Format

Send to

Choose Destination
See comment in PubMed Commons below
J Rheumatol. 1995 Oct;22(10):1876-83.

Elevated levels of platelet derived growth factor and transforming growth factor-beta 1 in bronchoalveolar lavage fluid from patients with scleroderma.

Author information

1
Department of Medicine, Medical University of South Carolina, Charlestown 29425, USA.

Abstract

OBJECTIVE:

Systemic sclerosis (scleroderma, SSc) frequently affects the lungs, and interstitial pulmonary fibrosis is one of its major complications. The pathophysiology of SSc lung disease s poorly understood, but recent studies document an inflammatory process resembling that of idiopathic pulmonary fibrosis with increased numbers of activated alveolar macrophages and granulocytes in bronchoalveolar lavage (BAL) fluid). We determined levels of 2 potentially important mediators of fibroproliferative repair in BAL fluid from patients with SSc.

METHODS:

Using Western blot and ELISA techniques we measured levels of platelet derived growth factor (PDGF) and transforming growth factor-beta (TGF-beta in BAL fluid from patients with SSc and healthy controls. The mitogenic effect of these cytokines on SSc lung myofibroblasts was determined by [3H]thymidine incorporation.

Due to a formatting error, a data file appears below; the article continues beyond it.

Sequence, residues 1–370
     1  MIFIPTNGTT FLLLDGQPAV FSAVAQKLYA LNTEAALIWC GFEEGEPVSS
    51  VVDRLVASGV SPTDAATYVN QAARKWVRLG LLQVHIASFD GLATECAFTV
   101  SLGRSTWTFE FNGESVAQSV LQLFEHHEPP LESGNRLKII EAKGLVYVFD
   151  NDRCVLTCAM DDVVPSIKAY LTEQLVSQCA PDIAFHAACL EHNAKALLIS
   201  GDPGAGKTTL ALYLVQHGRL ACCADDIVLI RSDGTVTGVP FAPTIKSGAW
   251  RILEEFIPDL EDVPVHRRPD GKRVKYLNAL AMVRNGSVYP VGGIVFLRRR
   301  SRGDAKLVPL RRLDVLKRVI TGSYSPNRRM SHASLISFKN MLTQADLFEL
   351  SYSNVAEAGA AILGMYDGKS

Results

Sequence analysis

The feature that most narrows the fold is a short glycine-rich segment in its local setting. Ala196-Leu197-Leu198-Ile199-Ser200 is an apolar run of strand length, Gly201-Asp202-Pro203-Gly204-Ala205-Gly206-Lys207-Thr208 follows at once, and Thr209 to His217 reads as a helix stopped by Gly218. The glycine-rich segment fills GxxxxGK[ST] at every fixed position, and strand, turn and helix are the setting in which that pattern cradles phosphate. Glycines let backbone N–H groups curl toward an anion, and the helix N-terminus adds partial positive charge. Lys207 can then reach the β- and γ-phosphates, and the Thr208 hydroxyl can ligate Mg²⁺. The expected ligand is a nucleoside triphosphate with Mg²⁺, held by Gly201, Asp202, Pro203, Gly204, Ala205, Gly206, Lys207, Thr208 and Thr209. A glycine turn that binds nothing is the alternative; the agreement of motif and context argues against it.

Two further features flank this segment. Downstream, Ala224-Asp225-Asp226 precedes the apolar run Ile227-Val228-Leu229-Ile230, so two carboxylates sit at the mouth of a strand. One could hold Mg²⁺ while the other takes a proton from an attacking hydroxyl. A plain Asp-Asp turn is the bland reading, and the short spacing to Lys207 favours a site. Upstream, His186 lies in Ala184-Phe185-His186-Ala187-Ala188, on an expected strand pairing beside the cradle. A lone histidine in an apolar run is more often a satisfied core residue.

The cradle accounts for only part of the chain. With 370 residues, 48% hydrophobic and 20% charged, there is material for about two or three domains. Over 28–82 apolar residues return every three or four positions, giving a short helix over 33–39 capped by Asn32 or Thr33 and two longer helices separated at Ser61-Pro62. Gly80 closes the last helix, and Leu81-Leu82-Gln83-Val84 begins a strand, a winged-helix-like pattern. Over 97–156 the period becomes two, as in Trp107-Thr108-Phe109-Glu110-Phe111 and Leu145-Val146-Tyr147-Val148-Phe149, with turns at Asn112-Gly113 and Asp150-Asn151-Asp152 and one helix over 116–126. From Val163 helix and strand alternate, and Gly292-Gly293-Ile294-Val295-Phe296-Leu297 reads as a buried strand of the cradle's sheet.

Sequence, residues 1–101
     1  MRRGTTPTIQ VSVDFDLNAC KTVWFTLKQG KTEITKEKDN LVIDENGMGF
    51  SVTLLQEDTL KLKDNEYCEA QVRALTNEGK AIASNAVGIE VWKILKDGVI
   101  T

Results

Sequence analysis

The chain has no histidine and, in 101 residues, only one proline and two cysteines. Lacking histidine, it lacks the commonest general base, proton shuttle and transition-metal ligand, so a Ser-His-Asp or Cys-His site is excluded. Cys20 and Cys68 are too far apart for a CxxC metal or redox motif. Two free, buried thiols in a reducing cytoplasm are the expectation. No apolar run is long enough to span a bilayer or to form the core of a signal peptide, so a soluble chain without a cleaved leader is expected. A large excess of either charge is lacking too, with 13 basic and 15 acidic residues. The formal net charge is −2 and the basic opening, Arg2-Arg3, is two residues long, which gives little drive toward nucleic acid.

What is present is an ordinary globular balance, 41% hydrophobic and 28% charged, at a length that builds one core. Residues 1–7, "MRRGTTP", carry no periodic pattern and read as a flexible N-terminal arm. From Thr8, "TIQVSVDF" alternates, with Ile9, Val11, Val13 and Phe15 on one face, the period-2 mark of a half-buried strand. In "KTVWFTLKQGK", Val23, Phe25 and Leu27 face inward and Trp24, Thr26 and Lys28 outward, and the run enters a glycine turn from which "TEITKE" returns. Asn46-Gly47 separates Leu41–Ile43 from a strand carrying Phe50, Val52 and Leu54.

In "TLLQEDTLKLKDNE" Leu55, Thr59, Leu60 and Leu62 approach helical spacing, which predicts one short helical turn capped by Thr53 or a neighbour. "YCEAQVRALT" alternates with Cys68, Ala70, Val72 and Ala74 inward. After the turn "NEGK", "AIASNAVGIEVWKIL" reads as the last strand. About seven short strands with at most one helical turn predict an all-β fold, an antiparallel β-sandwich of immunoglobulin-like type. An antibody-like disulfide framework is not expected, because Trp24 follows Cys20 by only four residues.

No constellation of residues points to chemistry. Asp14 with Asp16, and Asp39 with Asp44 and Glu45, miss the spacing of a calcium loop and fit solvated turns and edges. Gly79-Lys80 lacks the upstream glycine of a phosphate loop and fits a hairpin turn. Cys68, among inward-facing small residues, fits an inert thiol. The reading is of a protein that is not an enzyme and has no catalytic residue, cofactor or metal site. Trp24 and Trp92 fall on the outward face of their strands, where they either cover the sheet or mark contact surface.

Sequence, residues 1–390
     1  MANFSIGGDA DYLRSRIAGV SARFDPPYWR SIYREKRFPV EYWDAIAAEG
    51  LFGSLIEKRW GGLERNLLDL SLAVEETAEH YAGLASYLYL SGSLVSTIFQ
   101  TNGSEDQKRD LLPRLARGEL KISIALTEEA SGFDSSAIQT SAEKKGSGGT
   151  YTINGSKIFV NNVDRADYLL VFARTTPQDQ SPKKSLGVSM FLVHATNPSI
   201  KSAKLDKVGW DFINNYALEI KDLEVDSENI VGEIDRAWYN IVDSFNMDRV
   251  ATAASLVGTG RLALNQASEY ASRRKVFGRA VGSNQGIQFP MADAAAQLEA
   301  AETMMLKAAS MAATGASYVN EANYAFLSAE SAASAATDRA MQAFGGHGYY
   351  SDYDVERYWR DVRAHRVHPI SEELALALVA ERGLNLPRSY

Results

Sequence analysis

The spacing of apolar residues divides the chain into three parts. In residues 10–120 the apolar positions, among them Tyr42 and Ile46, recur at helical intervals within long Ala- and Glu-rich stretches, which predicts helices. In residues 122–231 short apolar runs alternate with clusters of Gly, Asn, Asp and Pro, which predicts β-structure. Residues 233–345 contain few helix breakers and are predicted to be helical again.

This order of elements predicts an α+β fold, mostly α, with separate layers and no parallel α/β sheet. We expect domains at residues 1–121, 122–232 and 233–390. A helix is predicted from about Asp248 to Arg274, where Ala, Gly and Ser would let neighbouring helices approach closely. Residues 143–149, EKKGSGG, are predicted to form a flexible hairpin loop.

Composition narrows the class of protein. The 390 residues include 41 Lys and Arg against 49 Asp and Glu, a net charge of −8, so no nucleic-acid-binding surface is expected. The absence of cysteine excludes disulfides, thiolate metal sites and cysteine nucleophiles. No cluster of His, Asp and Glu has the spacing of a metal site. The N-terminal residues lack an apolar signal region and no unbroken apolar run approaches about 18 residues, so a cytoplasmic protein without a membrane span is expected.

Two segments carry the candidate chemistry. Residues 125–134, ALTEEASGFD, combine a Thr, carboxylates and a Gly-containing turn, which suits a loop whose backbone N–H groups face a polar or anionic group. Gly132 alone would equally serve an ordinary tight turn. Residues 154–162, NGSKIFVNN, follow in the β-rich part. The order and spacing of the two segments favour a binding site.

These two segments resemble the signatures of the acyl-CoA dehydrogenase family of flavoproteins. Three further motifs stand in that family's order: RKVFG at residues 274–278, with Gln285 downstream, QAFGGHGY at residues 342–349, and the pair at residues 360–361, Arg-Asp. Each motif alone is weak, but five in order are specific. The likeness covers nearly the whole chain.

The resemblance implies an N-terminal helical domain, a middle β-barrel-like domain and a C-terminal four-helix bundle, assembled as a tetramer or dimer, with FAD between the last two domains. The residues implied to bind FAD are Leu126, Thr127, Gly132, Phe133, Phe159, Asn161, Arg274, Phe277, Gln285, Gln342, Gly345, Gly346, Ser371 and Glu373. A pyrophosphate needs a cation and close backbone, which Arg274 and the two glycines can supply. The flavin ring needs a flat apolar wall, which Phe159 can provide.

RESULTS:

SSc BAL fluid contains significantly elevated levels of PDGF-AA and PDGF-BB. Where TGF-beta 1 was significantly elevated in SSc lavage fluid, the amount of TGF-beta 2 was significantly less than that observed in normal lavage fluid. Myofibroblasts cultured from SSc lavage fluid exhibited enhanced [3H]thymidine incorporation upon exposure to the growth factors present in SSc BAL fluid: PDGF and TGF-beta 1. SSc lung myofibroblasts pretreated with TGF-beta 1 exhibited an enhanced mitogenic effect upon stimulation by PDGF, due in part to the induction of the PDGF alpha receptor.

CONCLUSION:

Our studies support a role for PDGF and TGF-beta 1 in the pathogenesis of SSc lung disease.

PMID:
8991985
[Indexed for MEDLINE]
PubMed Commons home

PubMed Commons

0 comments
How to join PubMed Commons

    Supplemental Content

    Loading ...
    Support Center